The crystal ball views of modern technology deployment illustrate that while promising technologies are emerging, realizing their full potential depends heavily on financial institutions overhauling obsolete systems and processes. Banks that drag their feet on modernization may find the innovations only make competitors stronger rather than benefiting their own institutions.

Speed of Payments Changing Expectations

The digitization of retail payments will advance markedly by 2030 according to financial services industry oracles. More than two-thirds say that greater than 50% of purchase transactions will be initiated through non-banking channels by that date. This highlights the crucial role mobile technology and digital wallets will play in payments connectivity and the speed of money transfer. These projections are similar to what we found in 2021.

Plastic card usage will eventually plunge as mobile wallets and payment apps gain favor, but a majority still expect plastic cards to retain dominance through 2030, indicating the resilience of older payment types. This stubbornness of payments transformation is reinforced by the fact that the projected movement away from cards is actually lower than what was projected in our 2021 research.

As for newer payment rails, adoption timeframes remain hazy. Only 22% expect blockchain transaction volume to hit mainstream scale by 2030. The doubt around cryptocurrencies is reinforced by the belief that 28% don’t ever expect crypro to overtake cash.

payments projections in banking

These outlooks signal that while mobile wallets clearly represent the next era of retail payments, yesterday’s payment formats will continue to play a role for some time. As a result, banks should prepare for a hybrid payments environment where digital and analog formats coexist for many years to come.

Read more: Payments Trends 2024: As Shopping, Buying and Paying Blur Together, Banks May Lose Ground

Digital Maturity: An Imperative for Growth

Consumer expectation studies and ongoing research by the Digital Banking Report resoundingly show that digital maturity has graduated from nice-to-have to an indispensable capability for retail banks.

At the same time, we have found digital banking maturity to be lacking at the majority of banks and credit unions.

Digital Banking Report asked financial executives about the possibility of a move from a product-centric business model to a customer-centric model, in which checking, savings and lending are combined as an integrated solution. Only 7% of those surveyed saw this happening by 2025, with a modest 40% saying it would happen by 2030.

Not surprisingly, more of those surveyed saw increased economies from digital transformation in the near-term, with nearly two-thirds of executives believing a cost-to-income improvement of more than 20% will be achieved by 2030. As we move forward, financial institutions should focus on key elements of digital transformation that will support customer engagement to halt silent attrition. These include:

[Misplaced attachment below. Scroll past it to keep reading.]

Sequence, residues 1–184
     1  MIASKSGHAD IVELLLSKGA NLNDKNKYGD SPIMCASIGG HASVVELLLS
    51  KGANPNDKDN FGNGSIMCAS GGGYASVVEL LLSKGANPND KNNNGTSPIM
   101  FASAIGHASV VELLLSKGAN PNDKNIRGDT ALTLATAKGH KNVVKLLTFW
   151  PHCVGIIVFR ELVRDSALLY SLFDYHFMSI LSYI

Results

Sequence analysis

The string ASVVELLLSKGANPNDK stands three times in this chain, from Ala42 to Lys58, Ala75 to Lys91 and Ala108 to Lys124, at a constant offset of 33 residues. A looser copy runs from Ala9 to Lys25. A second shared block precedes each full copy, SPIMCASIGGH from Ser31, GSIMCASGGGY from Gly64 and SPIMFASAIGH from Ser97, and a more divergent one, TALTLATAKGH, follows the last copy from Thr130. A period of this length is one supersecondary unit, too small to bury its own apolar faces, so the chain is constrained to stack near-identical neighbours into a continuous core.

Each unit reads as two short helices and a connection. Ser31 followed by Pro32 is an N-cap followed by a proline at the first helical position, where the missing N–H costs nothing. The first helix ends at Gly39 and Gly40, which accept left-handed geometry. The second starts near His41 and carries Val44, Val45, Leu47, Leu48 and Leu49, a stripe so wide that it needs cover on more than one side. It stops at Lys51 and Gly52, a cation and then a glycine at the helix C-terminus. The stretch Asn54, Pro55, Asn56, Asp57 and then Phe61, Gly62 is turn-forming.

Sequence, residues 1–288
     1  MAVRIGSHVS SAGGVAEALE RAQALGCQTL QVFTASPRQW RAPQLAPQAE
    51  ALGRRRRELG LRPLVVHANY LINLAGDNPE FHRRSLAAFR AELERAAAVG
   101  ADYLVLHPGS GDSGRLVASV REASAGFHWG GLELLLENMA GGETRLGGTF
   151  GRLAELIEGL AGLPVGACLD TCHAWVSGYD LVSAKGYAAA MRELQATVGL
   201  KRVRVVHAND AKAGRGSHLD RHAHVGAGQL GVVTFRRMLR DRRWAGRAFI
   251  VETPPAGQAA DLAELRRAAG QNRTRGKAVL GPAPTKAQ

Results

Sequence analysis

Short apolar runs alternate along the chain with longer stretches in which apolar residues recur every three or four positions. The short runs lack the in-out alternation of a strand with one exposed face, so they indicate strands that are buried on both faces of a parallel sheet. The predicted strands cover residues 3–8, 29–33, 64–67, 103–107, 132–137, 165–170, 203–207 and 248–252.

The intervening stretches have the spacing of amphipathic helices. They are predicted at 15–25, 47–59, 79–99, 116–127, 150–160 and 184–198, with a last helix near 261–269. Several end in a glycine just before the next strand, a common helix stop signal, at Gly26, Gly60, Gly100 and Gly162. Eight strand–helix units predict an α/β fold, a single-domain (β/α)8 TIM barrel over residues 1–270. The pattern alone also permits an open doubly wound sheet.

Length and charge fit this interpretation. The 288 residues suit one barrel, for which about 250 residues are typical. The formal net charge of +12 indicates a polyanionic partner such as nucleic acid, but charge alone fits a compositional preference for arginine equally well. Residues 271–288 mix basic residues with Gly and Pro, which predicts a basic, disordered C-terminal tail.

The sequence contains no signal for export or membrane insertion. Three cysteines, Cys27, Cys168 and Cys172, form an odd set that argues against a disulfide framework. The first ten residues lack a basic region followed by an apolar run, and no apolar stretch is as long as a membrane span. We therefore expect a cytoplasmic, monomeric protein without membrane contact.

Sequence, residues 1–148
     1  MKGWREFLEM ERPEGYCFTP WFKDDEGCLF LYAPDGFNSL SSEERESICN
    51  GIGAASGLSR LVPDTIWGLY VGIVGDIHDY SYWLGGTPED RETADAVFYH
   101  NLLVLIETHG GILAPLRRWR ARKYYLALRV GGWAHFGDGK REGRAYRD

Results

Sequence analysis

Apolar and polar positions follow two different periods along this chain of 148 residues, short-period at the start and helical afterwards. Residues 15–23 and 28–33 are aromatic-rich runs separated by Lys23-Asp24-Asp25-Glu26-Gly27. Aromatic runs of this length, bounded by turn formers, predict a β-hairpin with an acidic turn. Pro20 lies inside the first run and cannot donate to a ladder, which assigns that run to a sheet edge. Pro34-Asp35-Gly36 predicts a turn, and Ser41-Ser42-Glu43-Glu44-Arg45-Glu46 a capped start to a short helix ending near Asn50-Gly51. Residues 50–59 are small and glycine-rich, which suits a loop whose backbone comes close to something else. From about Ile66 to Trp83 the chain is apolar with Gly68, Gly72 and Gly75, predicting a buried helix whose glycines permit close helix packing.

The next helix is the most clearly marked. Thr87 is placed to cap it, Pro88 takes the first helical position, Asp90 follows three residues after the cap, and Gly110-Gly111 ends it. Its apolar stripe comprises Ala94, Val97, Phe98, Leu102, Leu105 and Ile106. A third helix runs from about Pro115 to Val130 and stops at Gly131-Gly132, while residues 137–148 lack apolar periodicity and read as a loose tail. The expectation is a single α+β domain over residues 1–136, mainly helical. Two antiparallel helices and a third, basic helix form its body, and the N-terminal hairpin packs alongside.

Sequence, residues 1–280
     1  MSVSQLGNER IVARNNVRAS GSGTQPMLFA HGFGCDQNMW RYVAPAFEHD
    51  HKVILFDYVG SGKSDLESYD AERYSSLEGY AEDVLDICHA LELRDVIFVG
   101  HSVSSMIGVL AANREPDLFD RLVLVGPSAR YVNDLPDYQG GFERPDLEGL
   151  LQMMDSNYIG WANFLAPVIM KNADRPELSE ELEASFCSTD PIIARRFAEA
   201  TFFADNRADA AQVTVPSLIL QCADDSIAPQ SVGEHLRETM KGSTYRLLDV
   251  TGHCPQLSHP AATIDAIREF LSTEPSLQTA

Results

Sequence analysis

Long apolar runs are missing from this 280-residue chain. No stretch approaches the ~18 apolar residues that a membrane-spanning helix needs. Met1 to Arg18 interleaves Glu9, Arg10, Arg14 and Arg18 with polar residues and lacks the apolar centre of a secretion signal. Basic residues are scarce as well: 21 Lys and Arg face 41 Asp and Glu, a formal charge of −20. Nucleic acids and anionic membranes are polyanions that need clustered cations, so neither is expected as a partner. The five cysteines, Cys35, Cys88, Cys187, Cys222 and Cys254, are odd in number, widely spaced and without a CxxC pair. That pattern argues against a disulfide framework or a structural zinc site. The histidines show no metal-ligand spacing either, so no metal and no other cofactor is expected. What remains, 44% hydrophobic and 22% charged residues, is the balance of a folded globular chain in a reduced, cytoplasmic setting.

• Wellness replaces wealth. Rather than maximizing share of wallet, forward-thinking banks will focus on share of customer life, improving financial wellbeing through holistic digital advice and guidance.
  • Speed of first impression. Banks and credit unions must build new account opening and loan application processes with an inside-out digital support platform. These platforms must be able to execute the entire process in less than five minutes … entirely on a mobile device.
  • Hyper-personalization rules. Segment of one marketing powered by data and analytics will surpass broad demographic clusters. Banks must tailor solutions to individual identity, behaviors and life stage journeys.

digital banking transformation projections

The research provides a mixed read on banks’ internal digital transformation progress. Significant pluralities see legacy constraints hampering competitiveness and limiting institutions from realizing the full benefits of emerging innovations.

While external digital forces impacting banking seem clearly mapped, survey responses on the pace and success of banks’ own digital maturity journeys remain murkier, showing divergence. To be sure, consumer-facing innovation often outpaces tedious back office overhauls. But this gap portends risk if not closed quickly.

Mapping the Road Ahead

Like any research exercise, the 2024 Crystal Ball project offers directional guidance rather than promising definitive certainty. But several key insights stand out that retail banking leaders can ill afford to ignore as they chart strategies for thriving in the coming years not just surviving:

  • The competitive field will bear little resemblance to banking as we know it today. Big tech, fintech and lean digital players will push their way up the league tables as legacy institutions face pressure from both disruption and consolidation forces.
  • Mobile-first, cloud-supported and AI-driven will constitute the new norm. Emerging innovations will gain widespread adoption as consumers flock to providers delivering seamless digital money management integrated into their daily lives.
  • Banking must replace obsolete systems, processes and mentalities. While instantly implementing every shiny new innovation is not the answer, banks must carefully balance digital agility with stability and resilience.
  • Holistic financial wellbeing and hyper-personalization will drive differentiation. Succeeding with fickle digital natives and savvier boomers alike means understanding their financial lives deeply and delivering intuitive money guidance tailored to individual needs and life stages.
  • Transformation must focus on customer lifecycles. Improving pieces of the banking business will no longer suffice. “Reinvention of the wheel” must be supplanted by customer journey reinvention, with the enterprise conceived, designed and orchestrated around delivering exceptional end-to-end experiences.

While grappling with all these monumental forces may seem daunting, the research provides reason for optimism. Banking has evolved for centuries by leveraging new innovations, talent and ways of thinking. With clarity of purpose, commitment to customers, and courage to change, banks can adapt for the future. The clock, however, is ticking.